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Martin County Fla--Is it a Shark Bite or NOT??

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  • Martin County Fla--Is it a Shark Bite or NOT??

    Girl suffers possible shark bite
    The lifeguard declined to close the beach because no sharks had been spotted all day. He said the wounds could have been made by another fish.

    By Robin Campbell staff writer
    September 15, 2003

    STUART -- Martin County firefighters rushed a young girl to a local hospital Sunday afternoon after she was attacked by what could have been a small shark.

    When the girl, described as 8 or 10 years old, came out of the water at Bathtub Reef Beach around 1:30 p.m. with blood dripping down her legs her mother carried her across the busy beach to a nearby lifeguard tower.

    Sam Mahoney, a lifeguard with Martin County Fire Rescue's Marine Safety Division, said the little girl's wounds were superficial. "I didn't think it warranted closing the beaches," Mahoney said Sunday. "We haven't seen any sharks around this beach all day."

    Mahoney said he wasn't sure a shark attacked the girl. The wounds on the girl's inner thighs seemed more like puncture wounds than tears from a shark bite, he said.

    "If it had been a shark I think the wounds would've been more laid open," Mahoney said. "There wasn't a large loss of blood."

    The bites could have been from a large blue fish or other fish with teeth, Mahoney said.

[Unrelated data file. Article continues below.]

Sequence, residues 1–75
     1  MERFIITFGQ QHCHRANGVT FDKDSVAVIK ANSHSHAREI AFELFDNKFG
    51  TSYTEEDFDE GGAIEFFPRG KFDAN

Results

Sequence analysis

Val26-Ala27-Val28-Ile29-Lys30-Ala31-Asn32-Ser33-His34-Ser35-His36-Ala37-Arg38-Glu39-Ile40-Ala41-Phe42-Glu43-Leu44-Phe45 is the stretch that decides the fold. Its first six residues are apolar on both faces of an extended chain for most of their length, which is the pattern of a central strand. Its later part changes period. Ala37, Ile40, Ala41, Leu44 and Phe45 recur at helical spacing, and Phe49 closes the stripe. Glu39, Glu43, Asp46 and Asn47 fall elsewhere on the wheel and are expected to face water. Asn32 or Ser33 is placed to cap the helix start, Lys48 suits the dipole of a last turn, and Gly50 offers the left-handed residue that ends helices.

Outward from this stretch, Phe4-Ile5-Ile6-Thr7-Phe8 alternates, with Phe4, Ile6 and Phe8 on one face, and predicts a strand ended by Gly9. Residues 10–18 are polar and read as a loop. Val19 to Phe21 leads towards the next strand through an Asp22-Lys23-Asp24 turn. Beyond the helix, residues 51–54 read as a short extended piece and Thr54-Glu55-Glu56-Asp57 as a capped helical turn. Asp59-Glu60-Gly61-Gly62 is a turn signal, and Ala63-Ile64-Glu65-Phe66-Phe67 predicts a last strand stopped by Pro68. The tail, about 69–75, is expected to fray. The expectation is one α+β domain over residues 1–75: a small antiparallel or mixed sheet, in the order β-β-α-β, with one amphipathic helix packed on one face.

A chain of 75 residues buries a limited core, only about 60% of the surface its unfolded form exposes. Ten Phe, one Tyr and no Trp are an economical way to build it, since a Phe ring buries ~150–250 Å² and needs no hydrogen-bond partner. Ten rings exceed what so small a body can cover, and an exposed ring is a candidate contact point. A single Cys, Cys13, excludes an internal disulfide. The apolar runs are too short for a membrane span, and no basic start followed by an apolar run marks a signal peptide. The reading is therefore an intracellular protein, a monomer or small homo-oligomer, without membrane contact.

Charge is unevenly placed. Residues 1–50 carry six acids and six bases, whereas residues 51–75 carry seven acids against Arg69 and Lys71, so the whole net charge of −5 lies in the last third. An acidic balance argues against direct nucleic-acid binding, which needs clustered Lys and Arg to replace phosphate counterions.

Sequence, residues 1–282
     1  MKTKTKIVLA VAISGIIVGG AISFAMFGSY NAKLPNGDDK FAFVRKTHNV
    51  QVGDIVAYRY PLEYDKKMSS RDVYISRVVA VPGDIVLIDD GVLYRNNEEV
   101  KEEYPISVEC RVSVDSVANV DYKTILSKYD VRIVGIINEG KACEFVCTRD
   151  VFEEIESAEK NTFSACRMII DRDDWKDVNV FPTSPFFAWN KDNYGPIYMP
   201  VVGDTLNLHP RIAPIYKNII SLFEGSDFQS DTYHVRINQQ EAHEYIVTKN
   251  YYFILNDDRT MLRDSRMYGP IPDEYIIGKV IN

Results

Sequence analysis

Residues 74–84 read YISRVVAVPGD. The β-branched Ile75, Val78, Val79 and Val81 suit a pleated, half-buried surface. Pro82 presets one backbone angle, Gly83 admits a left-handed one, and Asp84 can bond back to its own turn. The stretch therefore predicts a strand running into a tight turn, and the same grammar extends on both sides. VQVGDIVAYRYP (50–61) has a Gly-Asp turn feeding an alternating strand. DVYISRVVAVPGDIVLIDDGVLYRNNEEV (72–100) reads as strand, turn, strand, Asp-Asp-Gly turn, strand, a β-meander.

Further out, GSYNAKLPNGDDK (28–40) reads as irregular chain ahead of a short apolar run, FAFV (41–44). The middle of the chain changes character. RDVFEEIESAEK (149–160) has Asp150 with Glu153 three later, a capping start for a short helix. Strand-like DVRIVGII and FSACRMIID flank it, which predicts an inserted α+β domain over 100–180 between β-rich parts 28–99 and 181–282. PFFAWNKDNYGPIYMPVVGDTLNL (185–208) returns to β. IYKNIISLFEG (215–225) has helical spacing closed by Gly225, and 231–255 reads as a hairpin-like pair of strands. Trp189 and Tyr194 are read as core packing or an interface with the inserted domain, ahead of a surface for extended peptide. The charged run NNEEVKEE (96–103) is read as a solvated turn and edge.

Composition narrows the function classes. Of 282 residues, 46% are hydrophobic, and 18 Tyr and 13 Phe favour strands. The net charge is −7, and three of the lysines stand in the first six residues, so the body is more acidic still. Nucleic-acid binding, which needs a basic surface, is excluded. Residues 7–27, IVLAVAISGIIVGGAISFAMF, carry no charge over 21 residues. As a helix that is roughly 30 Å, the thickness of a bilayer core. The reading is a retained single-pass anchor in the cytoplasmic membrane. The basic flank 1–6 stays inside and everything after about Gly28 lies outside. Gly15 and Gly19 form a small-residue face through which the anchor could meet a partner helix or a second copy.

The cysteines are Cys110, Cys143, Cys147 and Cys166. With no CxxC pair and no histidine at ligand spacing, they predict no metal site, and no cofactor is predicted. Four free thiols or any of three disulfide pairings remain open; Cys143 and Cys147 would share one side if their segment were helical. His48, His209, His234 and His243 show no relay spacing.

Still Mahoney admitted the girl was troubled by the attack.

    "It was very painful for her and I'm sure it was traumatic," Mahoney said. "But she was pretty tough. Once I got her in the shade and calmed her down she seemed fine."

    The girl's mother had already applied pressure to the wounds by the time Mahoney examined her. He cleaned the wounds and applied more pressure before rescue workers arrived and took her to a local hospital.

    Nobody saw the attack. Most beachgoers only saw the mother carrying the screaming girl.

    It was an unusually busy Sunday, Mahoney said, which made it especially difficult to keep tabs on everybody.

    "It's very difficult on our part because it's such a busy time of year," he said. "There's a lot of swimmers and today it was abnormally busy."

    With so many people in the water, Mahoney said the odds are greater that people will be attacked. He said Bathtub Reef beach experiences about one shark attack a year.

    Fortunately the water between the beach and the reef is fairly shallow which makes it easier for swimmers to see passing ocean life, he said.

    Meanwhile, a college student remained hospitalized Sunday, one day after he was bitten by a shark in Atlantic Ocean waters near Daytona Beach.

    Aaron Edelson, 18, is continuing to recover from surgery at Daytona Beach's Halifax Medical Center, hospital officials said. The freshman at Embry-Riddle Aeronautical University was boogie-boarding when he was attacked Saturday afternoon, and suffered severe injuries to his left calf.

    "He said he felt something thrashing around his feet and then he felt the intense pain," Beach Patrol Capt. Ray Manchester told the Daytona Beach News-Journal.

    Norma Reyes, a nurse who was on the beach, said Edelson's left calf was torn open in the attack.

    "There were teeth marks all around" his calf, Reyes said.

    It was the 10th bite reported in Volusia County this year, the first since June 30.

    The Associated Press contributed to this report.

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    The comments, opinions, and positions expressed here are mine. They are expressed respectfully, in the spirit of safety and progress. They do not reflect the opinions or positions of my employer or my department.

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